“Since Jobs relinquished control, the only senior executive to leave voluntarily has been retail head Ron Johnson, who served as CEO at J.C. Penney Co. until his ouster this month. Two others, mobile-software head Scott Forstall and Johnson’s successor John Browett, departed under Cook’s management shakeup in October 2012,” Satariano and Suzuki report. “Apple’s strategy appears to be working, since there has been scant turnover, according to Steven Hall, founder of Steven Hall & Partners LLC, a New York-based executive-compensation consulting firm.”

Read more in the full article here.

MacDailyNews Note: Incorrect: Ron Johnson left Apple in June 2011 when Steve Jobs was still very much Apple CEO.

Related articles:
Steve Jobs resigns as CEO of Apple; Tim Cook named CEO, Jobs elected Chairman of the Board – August 24, 2011
Apple’s retail store chief Johnson off to J.C. Penney; expected to become CEO within months – June 14, 2011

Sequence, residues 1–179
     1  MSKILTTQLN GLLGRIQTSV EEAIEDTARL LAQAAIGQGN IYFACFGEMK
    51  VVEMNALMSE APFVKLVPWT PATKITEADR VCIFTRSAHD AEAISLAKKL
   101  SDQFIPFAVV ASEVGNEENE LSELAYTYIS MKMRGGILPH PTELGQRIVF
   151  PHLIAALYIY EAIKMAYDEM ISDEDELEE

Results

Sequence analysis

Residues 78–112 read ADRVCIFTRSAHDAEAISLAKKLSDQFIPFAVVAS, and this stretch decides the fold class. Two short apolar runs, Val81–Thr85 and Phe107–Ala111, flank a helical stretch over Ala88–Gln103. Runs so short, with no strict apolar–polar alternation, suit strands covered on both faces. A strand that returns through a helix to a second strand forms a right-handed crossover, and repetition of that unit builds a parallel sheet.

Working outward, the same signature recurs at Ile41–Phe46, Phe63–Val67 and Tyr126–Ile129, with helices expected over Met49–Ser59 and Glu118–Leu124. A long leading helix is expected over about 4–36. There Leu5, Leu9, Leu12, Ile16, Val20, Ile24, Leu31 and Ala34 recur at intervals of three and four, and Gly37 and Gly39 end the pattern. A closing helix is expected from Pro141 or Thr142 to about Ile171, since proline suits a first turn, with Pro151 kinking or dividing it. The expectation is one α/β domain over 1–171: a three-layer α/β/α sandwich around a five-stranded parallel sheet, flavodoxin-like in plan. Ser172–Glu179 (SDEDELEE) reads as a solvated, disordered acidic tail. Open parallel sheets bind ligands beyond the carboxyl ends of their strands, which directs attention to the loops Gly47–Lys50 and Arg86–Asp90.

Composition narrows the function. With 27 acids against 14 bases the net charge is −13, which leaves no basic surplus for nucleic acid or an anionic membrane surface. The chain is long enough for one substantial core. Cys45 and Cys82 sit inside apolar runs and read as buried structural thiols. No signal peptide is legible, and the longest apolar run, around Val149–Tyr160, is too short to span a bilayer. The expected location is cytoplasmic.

18 Comments

  1. Capitalism. Isn’t it great! You should be able to make as much as you can. As long as someone is willing to pay it. Although even I have to admit that these salaries to seem to be unconscionable. But hey, I guess all Apple investors are quite content with paying those salaries. I guess Apple isn’t exactly acting like a start up with those salaries. And I have to wonder about all the negative comments I see about Wall Street here, it seems that the salaries would be at the top of the complaint list. Wall Street doesn’t pay this good. But I guess it’s different?